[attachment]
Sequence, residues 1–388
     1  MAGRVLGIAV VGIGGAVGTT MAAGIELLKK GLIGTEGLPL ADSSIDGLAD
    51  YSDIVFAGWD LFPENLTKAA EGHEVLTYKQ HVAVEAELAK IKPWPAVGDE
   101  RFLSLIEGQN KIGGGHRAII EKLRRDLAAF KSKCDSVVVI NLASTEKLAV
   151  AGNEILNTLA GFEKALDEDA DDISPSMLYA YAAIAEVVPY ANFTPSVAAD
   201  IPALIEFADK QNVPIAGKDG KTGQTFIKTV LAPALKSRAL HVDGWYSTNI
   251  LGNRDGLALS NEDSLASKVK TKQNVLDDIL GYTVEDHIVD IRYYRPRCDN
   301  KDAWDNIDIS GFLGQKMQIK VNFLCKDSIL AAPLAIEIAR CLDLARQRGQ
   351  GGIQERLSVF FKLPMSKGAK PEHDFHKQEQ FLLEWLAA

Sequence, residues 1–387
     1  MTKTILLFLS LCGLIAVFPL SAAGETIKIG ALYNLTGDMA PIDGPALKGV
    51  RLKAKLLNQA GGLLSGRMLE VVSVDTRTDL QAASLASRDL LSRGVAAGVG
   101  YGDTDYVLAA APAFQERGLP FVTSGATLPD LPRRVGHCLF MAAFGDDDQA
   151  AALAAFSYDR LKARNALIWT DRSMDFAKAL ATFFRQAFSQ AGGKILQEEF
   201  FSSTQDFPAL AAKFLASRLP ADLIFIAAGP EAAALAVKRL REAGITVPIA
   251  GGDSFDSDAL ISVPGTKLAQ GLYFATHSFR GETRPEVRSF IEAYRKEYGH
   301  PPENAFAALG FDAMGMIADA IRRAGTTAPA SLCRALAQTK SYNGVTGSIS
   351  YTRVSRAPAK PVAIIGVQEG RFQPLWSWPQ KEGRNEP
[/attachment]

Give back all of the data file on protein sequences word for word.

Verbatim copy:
Sequence, residues 1–388
     1  MAGRVLGIAV VGIGGAVGTT MAAGIELLKK GLIGTEGLPL ADSSIDGLAD
    51  YSDIVFAGWD LFPENLTKAA EGHEVLTYKQ HVAVEAELAK IKPWPAVGDE
   101  RFLSLIEGQN KIGGGHRAII EKLRRDLAAF KSKCDSVVVI NLASTEKLAV
   151  AGNEILNTLA GFEKALDEDA DDISPSMLYA YAAIAEVVPY ANFTPSVAAD
   201  IPALIEFADK QNVPIAGKDG KTGQTFIKTV LAPALKSRAL HVDGWYSTNI
   251  LGNRDGLALS NEDSLASKVK TKQNVLDDIL GYTVEDHIVD IRYYRPRCDN
   301  KDAWDNIDIS GFLGQKMQIK VNFLCKDSIL AAPLAIEIAR CLDLARQRGQ
   351  GGIQERLSVF FKLPMSKGAK PEHDFHKQEQ FLLEWLAA

Sequence, residues 1–387
     1  MTKTILLFLS LCGLIAVFPL SAAGETIKIG ALYNLTGDMA PIDGPALKGV
    51  RLKAKLLNQA GGLLSGRMLE VVSVDTRTDL QAASLASRDL LSRGVAAGVG
   101  YGDTDYVLAA APAFQERGLP FVTSGATLPD LPRRVGHCLF MAAFGDDDQA
   151  AALAAFSYDR LKARNALIWT DRSMDFAKAL ATFFRQAFSQ AGGKILQEEF
   201  FSSTQDFPAL AAKFLASRLP ADLIFIAAGP EAAALAVKRL REAGITVPIA
   251  GGDSFDSDAL ISVPGTKLAQ GLYFATHSFR GETRPEVRSF IEAYRKEYGH
   301  PPENAFAALG FDAMGMIADA IRRAGTTAPA SLCRALAQTK SYNGVTGSIS
   351  YTRVSRAPAK PVAIIGVQEG RFQPLWSWPQ KEGRNEP